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Old 07-10-2011, 06:14 PM   #1
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Wiring problem

Completely rewired the trailer and everything seemed to work great until today. One of the receptacle was giving me a problem, thinking that a wire maybe came loose I pulled the receptacle and everything look wired correctly, but I did notice one of the white wires where black. I installed new receptacle, and in the process I touched the white wire (ground) and the interior panel and got a shock, I flipped all breakers off and this time used the volt meter, touched the white wire and wall panel and it read 115V, and that was with all breakers off. The below picture is how I wired the box. Is it possible that I wired Marinco 30A wrong...........any Ideas

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Old 07-10-2011, 06:30 PM   #2
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From the picture you posted it appears the incoming ground wire is only attached to the ground wires for the individual branch circuits. You need a ground bar mounted in the panel and a #6 bare copper wire to the frame of the trailer to establish a ground path. Call an electrician if you're not sure.
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Old 07-10-2011, 06:38 PM   #3
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Fiddler is correct . you definitely need to ground the system. But also re-check your Marinco connection for incorrect wiring. You should not get any reading between neutral and ground. This is dangerous. Check you cord as well. where do you plug into? is it a new connection at a campground or your house ? make sure it is not wired reverse..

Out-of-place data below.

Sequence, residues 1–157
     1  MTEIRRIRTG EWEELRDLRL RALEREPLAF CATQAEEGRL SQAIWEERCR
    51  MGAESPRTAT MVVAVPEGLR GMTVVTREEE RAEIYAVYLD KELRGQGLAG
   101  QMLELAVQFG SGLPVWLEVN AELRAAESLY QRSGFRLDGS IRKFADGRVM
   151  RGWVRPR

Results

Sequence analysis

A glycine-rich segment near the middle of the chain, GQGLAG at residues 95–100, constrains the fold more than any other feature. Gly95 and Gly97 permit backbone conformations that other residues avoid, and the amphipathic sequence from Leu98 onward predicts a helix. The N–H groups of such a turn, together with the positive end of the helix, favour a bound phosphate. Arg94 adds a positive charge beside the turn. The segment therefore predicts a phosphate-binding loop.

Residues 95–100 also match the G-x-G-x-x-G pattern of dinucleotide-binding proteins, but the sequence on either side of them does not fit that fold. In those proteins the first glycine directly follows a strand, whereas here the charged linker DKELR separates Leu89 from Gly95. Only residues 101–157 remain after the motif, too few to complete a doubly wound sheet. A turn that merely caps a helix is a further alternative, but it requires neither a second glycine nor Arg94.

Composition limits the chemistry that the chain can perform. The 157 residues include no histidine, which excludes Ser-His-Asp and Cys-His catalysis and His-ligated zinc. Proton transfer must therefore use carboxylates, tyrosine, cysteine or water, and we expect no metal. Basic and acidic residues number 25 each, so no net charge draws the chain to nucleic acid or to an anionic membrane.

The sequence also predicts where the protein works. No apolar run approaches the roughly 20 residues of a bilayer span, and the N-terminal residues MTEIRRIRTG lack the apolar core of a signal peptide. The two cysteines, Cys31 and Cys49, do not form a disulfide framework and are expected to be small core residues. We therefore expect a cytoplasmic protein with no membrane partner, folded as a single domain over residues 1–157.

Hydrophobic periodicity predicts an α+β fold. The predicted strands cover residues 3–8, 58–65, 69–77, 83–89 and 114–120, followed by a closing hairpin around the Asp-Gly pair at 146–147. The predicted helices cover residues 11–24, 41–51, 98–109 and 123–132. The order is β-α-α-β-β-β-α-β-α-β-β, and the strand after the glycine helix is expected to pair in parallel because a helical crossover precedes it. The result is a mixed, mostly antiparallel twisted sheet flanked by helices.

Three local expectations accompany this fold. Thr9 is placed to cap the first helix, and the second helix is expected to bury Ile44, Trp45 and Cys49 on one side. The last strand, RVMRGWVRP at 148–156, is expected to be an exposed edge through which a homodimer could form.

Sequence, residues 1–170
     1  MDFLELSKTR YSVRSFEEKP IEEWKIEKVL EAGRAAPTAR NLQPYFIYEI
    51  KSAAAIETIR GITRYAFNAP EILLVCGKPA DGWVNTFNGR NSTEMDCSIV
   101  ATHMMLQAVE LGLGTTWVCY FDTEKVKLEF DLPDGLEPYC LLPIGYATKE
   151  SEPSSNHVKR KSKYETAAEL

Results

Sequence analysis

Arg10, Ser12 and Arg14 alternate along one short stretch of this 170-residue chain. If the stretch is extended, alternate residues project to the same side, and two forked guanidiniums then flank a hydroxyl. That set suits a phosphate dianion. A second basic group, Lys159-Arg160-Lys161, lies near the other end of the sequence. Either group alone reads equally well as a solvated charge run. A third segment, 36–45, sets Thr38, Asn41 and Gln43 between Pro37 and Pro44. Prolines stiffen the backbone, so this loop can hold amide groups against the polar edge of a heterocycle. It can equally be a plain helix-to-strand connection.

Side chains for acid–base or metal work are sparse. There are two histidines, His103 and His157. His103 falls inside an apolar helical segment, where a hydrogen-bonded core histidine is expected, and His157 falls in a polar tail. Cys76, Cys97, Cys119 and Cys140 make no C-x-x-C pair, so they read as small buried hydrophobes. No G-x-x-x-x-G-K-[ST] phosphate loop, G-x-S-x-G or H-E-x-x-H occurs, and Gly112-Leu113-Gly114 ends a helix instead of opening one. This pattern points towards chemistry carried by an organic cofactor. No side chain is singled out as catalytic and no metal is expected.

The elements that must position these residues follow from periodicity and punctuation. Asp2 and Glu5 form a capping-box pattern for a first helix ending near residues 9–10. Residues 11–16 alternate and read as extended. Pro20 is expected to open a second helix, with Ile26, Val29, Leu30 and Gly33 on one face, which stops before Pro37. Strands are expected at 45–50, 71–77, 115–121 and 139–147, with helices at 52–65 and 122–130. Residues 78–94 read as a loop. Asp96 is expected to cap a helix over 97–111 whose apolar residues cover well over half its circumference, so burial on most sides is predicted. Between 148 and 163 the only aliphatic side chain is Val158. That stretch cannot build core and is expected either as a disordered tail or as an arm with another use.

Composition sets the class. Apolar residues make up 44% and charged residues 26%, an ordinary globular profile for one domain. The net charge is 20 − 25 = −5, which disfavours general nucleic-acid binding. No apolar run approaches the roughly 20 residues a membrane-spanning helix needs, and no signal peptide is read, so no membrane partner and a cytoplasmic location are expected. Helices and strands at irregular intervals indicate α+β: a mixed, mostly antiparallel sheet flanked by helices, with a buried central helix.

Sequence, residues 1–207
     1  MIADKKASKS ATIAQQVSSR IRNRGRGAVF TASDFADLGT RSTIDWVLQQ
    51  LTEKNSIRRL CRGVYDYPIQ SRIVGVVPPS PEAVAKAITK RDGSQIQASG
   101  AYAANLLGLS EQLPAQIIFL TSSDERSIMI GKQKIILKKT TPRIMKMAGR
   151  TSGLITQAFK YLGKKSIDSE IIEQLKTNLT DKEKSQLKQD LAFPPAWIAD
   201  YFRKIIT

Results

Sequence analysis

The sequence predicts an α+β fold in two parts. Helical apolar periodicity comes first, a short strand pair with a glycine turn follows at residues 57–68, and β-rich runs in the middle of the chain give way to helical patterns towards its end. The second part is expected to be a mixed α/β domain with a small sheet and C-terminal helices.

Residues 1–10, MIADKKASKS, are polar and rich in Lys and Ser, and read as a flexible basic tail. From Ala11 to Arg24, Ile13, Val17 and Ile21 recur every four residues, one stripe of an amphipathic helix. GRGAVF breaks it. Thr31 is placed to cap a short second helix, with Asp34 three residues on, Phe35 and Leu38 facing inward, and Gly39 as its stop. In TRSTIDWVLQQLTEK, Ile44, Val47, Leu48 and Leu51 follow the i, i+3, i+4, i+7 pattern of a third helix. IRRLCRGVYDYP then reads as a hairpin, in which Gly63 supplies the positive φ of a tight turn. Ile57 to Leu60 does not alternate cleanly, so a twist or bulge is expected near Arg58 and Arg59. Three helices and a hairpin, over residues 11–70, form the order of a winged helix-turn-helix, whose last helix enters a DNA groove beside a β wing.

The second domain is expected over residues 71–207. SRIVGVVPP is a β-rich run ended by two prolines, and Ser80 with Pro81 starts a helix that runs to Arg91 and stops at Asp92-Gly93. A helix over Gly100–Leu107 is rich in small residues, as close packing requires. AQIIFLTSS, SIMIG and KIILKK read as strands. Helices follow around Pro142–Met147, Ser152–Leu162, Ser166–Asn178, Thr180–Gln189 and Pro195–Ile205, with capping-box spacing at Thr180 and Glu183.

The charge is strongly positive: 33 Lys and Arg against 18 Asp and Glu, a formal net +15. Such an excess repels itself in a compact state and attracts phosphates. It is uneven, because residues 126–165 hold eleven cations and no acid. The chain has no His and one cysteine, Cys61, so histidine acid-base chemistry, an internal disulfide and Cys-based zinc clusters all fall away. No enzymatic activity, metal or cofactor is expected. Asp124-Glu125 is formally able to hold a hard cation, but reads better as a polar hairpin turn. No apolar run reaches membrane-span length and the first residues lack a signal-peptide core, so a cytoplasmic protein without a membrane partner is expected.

REMEMBER, Safety first:unplug , turn of breaker and secure the connection before doing any work on the electrical system.

Since i guess you don’t have it : a reverse polarity indicator would be good : get a small 110V indicator light and hard wire it between neutral and the ground. mount the light somewhere visible close to your connection. if you ever plug into a wrong wired outlet, the light will go on, and you know, there is a problem. I used a small 110V buzzer before.
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Old 07-10-2011, 08:40 PM   #4
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Quote:
Originally Posted by bassfiddler View Post